Don’t get me wrong motivation can be powerful tool.
But too often leaders use it a starting point to try and get their teams engaged and fired up. They go all rah rah, trying to drum up enthusiasm through chest thumping and motivational speeches. Now that might give you a little bit of a rush at the start, but it’s going to be difficult to sustain over the long haul.
Great leaders know that the achieve great results you have to start with aspiration, followed by inspiration and once you have those two working fully, then and only then, can you look add in motivation.
Motivation should be the final touch, not the starting touch.
Aspiration is all ensuring that the dreams and desires of the team are aligned with the goal. Now while that might sound a little bit difficult to do, it’s worth noting that according to Maslow’s Hierarchy of Needs, we all want to feel like we have done a great job, to feel valued and get recognition.
By ensuring that the team understand why the work they are doing is important, and also making sure that they know they will get credit for it, will help align the initiative with their aspirations and help to get them interested and engaged.
Then comes the most important ingredient in any success, and that is the inspiration.
We create inspiration by building belief that the team will be successful by creating a plan where they can see clearly how success will be achieved. The simpler we can make plans the easier it will be to understand them.
People are not afraid of hard work they are afraid of failure, and if we can allay that fear through clear plans, then teams will become excited and will have a strong desire to start.
I remember the manager of a lowly 5th division football addressing his team as the took on one of the premier league teams in a knock-out tournament, a game in which they really had no chance to win.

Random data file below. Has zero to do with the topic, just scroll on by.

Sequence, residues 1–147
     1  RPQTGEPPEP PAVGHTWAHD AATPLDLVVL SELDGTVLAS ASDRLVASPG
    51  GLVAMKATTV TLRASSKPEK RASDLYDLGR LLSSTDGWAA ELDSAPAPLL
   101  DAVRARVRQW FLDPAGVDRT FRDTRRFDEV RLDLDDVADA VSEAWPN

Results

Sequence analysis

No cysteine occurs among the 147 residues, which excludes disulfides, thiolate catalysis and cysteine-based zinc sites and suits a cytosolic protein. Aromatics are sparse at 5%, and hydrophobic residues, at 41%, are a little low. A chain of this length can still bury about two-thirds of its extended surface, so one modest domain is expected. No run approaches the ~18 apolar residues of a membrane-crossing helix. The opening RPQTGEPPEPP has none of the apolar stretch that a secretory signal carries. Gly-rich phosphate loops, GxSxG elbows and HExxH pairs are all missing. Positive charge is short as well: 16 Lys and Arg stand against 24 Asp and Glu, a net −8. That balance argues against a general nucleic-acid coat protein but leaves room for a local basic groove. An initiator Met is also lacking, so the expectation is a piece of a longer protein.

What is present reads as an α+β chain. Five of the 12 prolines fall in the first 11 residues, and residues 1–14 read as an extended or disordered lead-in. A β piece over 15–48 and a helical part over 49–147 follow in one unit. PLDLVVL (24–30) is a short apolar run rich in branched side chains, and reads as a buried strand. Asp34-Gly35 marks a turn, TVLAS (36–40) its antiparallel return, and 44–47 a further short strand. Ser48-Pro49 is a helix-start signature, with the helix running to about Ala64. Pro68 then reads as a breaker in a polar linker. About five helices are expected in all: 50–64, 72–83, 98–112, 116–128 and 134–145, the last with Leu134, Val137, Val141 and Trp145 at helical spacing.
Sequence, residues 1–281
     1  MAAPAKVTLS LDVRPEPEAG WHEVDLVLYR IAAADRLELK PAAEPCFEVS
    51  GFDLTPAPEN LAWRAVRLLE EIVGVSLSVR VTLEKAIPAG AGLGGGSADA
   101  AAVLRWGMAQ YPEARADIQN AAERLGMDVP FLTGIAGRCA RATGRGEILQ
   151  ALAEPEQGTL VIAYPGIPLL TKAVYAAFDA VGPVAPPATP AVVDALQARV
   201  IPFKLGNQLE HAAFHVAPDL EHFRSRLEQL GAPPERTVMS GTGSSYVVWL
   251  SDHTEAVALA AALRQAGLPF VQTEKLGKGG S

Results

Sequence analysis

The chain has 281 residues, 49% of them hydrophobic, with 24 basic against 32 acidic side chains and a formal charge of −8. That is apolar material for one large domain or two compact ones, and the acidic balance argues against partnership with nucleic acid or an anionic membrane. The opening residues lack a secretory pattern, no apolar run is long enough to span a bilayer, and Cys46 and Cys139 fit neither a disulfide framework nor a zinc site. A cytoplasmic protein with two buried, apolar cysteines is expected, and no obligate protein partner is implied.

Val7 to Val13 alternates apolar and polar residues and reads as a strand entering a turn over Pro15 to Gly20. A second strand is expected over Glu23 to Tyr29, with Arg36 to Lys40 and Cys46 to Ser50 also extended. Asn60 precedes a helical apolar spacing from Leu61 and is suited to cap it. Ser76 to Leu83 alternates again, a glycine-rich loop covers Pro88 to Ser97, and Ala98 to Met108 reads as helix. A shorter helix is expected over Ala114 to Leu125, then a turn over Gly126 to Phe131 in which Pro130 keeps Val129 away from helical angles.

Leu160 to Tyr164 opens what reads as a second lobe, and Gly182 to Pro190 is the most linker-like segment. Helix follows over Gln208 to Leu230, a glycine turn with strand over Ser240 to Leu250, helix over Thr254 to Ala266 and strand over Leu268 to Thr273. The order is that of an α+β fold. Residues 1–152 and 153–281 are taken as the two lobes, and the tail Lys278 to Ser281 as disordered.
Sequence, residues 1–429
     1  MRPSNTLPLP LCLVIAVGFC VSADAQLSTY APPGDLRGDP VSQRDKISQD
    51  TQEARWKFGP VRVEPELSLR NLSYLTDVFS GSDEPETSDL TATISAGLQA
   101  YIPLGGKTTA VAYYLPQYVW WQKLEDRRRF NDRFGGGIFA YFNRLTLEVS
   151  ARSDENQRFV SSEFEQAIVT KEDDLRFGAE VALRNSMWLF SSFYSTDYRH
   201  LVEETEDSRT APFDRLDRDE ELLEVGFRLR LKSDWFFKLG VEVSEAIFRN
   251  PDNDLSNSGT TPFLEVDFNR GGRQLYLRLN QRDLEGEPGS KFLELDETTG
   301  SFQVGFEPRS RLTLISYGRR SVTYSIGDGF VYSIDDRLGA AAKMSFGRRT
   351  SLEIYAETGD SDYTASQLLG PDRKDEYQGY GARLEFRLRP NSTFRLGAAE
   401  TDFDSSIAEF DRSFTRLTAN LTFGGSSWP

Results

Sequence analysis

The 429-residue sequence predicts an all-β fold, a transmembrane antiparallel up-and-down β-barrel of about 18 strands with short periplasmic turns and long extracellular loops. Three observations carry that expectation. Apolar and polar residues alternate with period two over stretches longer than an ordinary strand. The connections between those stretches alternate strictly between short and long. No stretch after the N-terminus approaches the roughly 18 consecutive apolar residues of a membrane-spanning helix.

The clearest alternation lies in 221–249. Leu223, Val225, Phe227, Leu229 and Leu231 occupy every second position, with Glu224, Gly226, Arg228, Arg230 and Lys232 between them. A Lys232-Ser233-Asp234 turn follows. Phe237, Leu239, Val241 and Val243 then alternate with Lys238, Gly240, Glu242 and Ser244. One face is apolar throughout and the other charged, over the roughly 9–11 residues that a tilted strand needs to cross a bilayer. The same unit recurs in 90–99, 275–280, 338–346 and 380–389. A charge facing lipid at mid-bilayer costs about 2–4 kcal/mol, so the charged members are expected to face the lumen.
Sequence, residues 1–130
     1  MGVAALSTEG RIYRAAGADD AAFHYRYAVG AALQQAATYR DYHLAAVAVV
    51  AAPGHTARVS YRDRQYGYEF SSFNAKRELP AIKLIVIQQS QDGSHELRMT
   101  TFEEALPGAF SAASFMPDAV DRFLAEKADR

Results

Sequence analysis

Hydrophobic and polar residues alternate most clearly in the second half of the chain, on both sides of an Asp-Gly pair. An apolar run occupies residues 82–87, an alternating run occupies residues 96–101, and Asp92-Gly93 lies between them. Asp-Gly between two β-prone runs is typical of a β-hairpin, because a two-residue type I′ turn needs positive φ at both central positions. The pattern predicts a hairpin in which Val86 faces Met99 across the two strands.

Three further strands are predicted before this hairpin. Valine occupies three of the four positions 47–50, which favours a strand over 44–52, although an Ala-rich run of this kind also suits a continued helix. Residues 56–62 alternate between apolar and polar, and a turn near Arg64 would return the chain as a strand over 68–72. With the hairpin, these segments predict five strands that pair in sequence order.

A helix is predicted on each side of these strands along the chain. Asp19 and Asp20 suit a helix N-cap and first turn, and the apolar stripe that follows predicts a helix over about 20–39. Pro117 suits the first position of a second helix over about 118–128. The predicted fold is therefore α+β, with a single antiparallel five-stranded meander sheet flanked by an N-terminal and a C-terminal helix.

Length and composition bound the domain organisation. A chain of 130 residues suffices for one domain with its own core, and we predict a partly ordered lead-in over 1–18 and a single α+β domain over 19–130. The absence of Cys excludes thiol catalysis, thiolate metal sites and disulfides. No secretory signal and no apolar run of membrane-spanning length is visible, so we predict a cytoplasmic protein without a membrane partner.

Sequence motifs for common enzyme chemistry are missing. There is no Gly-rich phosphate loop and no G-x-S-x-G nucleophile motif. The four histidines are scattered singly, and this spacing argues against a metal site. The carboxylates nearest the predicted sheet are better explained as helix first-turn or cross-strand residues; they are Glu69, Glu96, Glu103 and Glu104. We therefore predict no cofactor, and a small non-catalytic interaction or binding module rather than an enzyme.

He asked them a simple question. “What do we need to do to win today?”.
The players thought about it, and one of the senior players explained what they thought they should do. “We need to be aggressive right from the start, cut down their space, give them very little time to settle on the ball. Harass them continually, looking to force mistakes that we can capitalize on, and then defend like crazy, getting our bodies in the way every time they try and shoot.”
The coach smiled and said “Correct, now go out there and do it.”
The team scored one of the biggest upset wins in the FA Cup football history, winning 3-0.
How did they do it? They created and followed the plan that they believed in. That belief got them to put in the effort needed to outthink, and outfight a much more skillful team.
When teams become inspired, they become powerful and often achieve results they didn’t even know they were capable of. This is why we need to work on getting teams inspired.
Once you have aspiration and inspiration sorted, then you can look to apply motivation by encouraging the team as they start to make progress towards the goal.
When you start with aspiration and inspiration, you don’t always need a lot of motivation.
But if you just focus on motivation, it doesn’t matter how much you try to create, you’re not going to get your teams engaged or excited, and that will just lead to frustration and failure.
Have you read?
- Getting Down to the Business of Leadership
- Encourage Your Employees to Step Outside Their Comfort Zones
- Are You Conditioned To Succeed Or Fail?
- Are you Leaking Time?
- 5 Predictions for the Future of Talent Development in 2017
Gordon is the author of the critically acclaimed book “FAST” and works with enterprises on implementing results-based leadership initiatives to rapidly accelerate the organization’s growth.